SetApplicationFields(application);
        // More setup code for the add-in.
    }
    

Adding Command Bars

New command bars are added to the application through the CommandBars collection of the application object. The following method adds a command bar to the CommandBars collection. When you call this method, you need to pass in a reference to the running instance of the Office application. In the previous section, the Word application reference was held by the class field wordApp. The use of the missing variable is explained in the section "Optional Parameters in C# Add-ins."

To put a command bar in your application

  1. Add the following method to the Connect class.
    ' Visual Basic
    Private Function AddWordToolbar(ByVal word As Word.Application, _
        ByVal toolbarName As String) As Microsoft.Office.Core.CommandBar
    
        Dim toolBar As Microsoft.Office.Core.CommandBar = Nothing
        Try
            ' Create a command bar for the add-in
            toolBar = CType(word.CommandBars.Add(toolbarName, _
                Microsoft.Office.Core.MsoBarPosition.msoBarTop, , True), _
                Microsoft.Office.Core.CommandBar)
            toolBar.Visible = True
            Return toolBar
        Catch
            ' Add exception handling here.
            Return Nothing
        End Try
    End Function
    
    // C#
    private Microsoft.Office.Core.CommandBar AddWordToolbar(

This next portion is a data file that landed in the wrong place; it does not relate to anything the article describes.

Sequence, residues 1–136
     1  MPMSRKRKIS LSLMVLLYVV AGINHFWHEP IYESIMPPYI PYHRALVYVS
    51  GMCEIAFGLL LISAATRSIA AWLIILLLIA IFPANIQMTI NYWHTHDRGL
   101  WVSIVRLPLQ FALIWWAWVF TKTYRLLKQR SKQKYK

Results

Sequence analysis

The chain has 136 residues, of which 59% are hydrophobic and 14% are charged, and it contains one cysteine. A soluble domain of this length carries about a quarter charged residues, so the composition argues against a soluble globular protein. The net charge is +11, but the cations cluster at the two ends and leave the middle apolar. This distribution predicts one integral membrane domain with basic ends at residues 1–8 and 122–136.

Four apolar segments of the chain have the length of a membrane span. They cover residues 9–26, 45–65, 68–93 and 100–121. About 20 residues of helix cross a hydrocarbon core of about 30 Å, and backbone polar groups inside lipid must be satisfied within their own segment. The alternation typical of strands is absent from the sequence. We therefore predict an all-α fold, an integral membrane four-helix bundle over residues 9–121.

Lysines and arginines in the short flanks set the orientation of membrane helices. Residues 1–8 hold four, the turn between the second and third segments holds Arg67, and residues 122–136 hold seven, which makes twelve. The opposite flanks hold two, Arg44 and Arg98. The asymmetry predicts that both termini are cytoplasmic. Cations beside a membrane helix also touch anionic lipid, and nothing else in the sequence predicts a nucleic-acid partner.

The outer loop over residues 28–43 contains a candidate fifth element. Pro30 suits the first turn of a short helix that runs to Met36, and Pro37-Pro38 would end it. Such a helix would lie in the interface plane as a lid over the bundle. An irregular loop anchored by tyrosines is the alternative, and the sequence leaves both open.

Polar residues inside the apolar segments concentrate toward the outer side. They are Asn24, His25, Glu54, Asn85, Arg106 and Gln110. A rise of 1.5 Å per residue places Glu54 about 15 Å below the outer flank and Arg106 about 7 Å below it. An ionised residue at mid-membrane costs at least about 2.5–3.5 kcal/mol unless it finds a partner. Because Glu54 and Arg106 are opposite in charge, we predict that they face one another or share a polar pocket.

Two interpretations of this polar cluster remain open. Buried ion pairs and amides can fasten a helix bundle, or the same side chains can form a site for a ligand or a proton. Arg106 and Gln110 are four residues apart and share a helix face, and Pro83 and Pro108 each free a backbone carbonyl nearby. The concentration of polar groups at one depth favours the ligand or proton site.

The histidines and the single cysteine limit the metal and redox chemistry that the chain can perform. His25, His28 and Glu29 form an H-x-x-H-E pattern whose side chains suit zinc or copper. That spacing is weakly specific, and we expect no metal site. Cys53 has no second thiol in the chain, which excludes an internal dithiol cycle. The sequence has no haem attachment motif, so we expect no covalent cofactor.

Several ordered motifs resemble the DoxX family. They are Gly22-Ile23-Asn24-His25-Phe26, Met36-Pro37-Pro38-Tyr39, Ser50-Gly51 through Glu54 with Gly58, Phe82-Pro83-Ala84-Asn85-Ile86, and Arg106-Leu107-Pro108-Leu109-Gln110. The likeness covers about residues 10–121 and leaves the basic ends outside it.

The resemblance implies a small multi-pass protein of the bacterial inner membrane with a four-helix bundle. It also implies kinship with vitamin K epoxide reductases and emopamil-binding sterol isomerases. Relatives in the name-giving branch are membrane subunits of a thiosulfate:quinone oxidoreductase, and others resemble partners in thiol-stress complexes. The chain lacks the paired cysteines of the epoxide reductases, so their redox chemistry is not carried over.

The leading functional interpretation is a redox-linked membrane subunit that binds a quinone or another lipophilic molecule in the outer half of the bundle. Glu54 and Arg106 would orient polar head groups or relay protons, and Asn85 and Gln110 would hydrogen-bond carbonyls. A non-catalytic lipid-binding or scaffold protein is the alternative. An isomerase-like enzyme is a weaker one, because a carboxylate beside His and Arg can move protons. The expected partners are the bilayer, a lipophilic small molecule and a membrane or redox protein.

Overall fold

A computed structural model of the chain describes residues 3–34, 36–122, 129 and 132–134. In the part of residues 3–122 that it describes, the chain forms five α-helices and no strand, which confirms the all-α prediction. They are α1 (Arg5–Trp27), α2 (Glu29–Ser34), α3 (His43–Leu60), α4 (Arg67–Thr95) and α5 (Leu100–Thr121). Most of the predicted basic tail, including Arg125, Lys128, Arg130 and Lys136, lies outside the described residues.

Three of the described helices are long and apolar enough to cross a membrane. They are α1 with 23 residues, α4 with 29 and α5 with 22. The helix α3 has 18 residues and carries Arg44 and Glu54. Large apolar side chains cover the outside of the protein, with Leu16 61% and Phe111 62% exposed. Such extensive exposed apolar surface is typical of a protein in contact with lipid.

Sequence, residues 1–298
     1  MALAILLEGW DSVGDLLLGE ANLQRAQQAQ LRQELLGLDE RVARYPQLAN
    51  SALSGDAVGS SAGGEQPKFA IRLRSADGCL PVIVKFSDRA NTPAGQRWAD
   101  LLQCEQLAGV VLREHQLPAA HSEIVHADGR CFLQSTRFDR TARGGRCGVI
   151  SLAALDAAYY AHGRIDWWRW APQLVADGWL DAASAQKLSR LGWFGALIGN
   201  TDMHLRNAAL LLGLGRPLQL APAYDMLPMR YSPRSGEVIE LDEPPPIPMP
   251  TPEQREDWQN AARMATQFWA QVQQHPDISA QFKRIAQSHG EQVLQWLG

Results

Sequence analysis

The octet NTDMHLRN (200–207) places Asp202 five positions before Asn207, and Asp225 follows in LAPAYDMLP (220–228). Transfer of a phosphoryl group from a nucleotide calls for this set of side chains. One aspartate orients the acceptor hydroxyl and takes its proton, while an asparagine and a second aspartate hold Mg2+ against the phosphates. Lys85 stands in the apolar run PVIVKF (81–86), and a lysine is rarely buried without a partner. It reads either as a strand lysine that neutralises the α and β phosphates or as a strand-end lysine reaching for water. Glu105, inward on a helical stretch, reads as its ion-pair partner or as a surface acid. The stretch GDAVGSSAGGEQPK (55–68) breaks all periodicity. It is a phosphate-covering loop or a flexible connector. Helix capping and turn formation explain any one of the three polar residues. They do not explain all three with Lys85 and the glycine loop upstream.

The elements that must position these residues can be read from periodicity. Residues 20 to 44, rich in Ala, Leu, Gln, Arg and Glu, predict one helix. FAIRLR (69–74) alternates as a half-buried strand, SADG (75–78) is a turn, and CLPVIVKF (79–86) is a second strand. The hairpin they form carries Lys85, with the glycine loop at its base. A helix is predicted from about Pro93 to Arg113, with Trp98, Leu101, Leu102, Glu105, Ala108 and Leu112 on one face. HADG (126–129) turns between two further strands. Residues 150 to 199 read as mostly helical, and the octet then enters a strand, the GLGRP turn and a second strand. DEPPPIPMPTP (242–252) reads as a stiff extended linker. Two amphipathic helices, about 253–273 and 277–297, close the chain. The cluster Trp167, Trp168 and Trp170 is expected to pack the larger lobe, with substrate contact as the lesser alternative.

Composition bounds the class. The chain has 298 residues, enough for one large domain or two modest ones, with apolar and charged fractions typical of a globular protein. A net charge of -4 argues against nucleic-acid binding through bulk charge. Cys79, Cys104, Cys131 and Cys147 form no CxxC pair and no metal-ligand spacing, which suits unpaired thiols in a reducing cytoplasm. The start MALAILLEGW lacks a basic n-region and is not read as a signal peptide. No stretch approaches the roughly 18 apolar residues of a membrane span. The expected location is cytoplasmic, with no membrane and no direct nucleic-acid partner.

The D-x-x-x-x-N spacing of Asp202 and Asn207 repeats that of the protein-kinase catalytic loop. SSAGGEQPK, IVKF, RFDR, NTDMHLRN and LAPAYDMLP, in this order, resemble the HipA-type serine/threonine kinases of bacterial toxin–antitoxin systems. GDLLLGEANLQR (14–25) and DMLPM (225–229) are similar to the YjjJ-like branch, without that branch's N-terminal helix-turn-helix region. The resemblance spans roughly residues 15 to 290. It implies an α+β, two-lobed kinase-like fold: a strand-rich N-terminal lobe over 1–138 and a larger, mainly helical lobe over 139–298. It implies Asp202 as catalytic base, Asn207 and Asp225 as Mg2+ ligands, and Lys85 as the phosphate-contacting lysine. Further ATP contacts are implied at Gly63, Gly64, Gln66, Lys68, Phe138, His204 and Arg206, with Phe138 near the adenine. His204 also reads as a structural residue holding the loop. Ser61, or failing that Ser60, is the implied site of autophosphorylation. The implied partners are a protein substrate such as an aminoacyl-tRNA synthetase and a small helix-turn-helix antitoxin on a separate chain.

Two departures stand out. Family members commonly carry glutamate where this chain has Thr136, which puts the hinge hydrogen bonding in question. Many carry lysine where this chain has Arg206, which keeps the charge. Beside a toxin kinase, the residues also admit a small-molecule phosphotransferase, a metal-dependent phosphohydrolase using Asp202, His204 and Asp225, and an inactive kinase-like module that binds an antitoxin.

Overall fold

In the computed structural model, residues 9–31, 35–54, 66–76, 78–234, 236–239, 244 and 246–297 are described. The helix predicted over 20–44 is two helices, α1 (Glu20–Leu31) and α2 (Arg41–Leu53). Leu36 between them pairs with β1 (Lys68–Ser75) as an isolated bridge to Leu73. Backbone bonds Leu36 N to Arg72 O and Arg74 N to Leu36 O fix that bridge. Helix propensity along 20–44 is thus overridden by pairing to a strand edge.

Word.Application word, string toolbarName) 
    {
        Microsoft.Office.Core.CommandBar toolBar = null;
        try 
        {
            // Create a command bar for the add-in
            object missing = System.Reflection.Missing.Value;
            toolBar = (Microsoft.Office.Core.CommandBar)
                wordApp.CommandBars.Add(toolbarName,
                Microsoft.Office.Core.MsoBarPosition.msoBarTop, 
                missing, true );
            toolBar.Visible = true;
            return toolBar;
        }
        catch 
        {
            // Add exception handling here.
            return null;
        }
    }
    
  2. Add this code to the OnConnection method to create the toolbar when the add-in loads.
    ' Visual Basic
    Dim toolbar As Microsoft.Office.Core.CommandBar = Nothing
    If Not wordApp Is Nothing Then
        toolbar = AddWordToolbar(wordApp, "Some useful toolbar.")
    End If
    
    // C#
    Microsoft.Office.Core.CommandBar toolBar = null;
    if (wordApp != null)
    {
        toolBar = AddWordToolbar(wordApp, "Some useful toolbar.");
    }